Feb. 28 (UPI) -- Scientists have discovered the gene responsible for baldness in plants. The gene explains why some alpine plants are hairy while their low-lying peers are hairless.
New genetic analysis suggests snapdragon plants living at high altitudes have evolved the ability to turn off the genes responsible for silencing hair. The tiny hairs on their stalks and leaves help protect plants growing on sunny cliffs and hillsides from harmful ultraviolet rays.
Meanwhile, plants growing at lower elevations remain bald. For snapdragon plants living in shady valleys, the tiny hairs, called trichomes, are unnecessary.
The hairs of some plants secrete useful chemicals, including the antimalarial drug artemisinin, as well as compounds that lend herbs and hops their unique flavor profiles. The new research, published this week in the journal Current Biology, could help plant scientists engineer hair production in plant that produce valuable chemicals.
"Because trichomes protect plants and their secretions are the source of economically important compounds, including pharmaceuticals and flavors, regulation of their development is a target for crop improvement and biotechnology," scientists at the University of Edinburgh wrote in their paper.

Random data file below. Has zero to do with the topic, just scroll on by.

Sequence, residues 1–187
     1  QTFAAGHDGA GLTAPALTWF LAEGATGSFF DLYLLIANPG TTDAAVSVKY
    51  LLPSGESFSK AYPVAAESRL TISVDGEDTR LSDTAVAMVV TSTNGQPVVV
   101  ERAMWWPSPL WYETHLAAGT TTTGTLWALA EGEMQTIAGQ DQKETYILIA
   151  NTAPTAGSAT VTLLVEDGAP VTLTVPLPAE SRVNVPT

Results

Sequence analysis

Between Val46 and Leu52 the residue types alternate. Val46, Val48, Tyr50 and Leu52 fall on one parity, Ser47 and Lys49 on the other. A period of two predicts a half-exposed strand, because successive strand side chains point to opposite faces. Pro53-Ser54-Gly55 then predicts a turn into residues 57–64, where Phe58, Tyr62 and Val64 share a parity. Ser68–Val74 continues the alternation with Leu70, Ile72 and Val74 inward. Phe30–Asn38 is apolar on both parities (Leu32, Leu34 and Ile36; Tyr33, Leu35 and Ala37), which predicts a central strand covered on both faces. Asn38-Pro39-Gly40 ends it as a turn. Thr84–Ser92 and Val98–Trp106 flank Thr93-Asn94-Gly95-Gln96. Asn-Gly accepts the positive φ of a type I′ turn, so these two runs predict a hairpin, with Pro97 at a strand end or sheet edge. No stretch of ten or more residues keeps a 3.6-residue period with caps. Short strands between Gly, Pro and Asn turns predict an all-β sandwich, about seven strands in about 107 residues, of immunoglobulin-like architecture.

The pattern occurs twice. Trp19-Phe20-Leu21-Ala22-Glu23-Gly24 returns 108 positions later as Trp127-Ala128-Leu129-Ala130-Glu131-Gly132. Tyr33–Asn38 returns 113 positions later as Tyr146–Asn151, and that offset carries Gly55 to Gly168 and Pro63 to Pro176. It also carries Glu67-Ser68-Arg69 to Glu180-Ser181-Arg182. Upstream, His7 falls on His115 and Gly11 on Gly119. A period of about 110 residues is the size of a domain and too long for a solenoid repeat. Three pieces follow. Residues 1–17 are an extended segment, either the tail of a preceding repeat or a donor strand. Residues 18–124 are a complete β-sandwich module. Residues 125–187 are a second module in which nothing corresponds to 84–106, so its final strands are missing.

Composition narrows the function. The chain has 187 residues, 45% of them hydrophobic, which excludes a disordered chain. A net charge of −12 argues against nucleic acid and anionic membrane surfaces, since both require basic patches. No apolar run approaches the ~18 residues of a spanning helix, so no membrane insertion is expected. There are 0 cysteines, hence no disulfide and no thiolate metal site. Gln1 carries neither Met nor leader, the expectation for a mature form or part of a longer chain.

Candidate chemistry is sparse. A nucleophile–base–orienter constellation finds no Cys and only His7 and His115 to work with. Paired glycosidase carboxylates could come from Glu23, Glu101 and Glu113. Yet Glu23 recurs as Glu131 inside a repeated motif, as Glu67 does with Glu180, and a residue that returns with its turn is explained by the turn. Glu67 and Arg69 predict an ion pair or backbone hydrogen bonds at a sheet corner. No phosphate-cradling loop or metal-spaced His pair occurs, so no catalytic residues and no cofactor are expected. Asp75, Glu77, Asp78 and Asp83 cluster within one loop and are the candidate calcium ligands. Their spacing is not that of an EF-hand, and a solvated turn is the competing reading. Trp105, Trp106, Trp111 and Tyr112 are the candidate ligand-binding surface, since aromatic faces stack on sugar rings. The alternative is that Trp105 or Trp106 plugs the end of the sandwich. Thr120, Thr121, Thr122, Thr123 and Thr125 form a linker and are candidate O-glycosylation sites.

By breeding alpine and lowland snapdragons with each other, scientists were able to isolate the gene responsible for limiting hair growth. The gene is switched off in alpine snapdragons, but remains on in lowland plants.
Scientists determined the species was originally hairless and that gene mutations deactivating the hairless gene -- and thus, encouraging hair growth -- among alpine snapdragons proliferated as a result of their protective advantages.
"This exciting discovery gives us a chance to find out the rest of the genetic toolkit that controls plant hair growth," Edinburgh biologist Andrew Hudson said in a news release. "It could also help us work out why exactly being hairy is an advantage for alpine plants."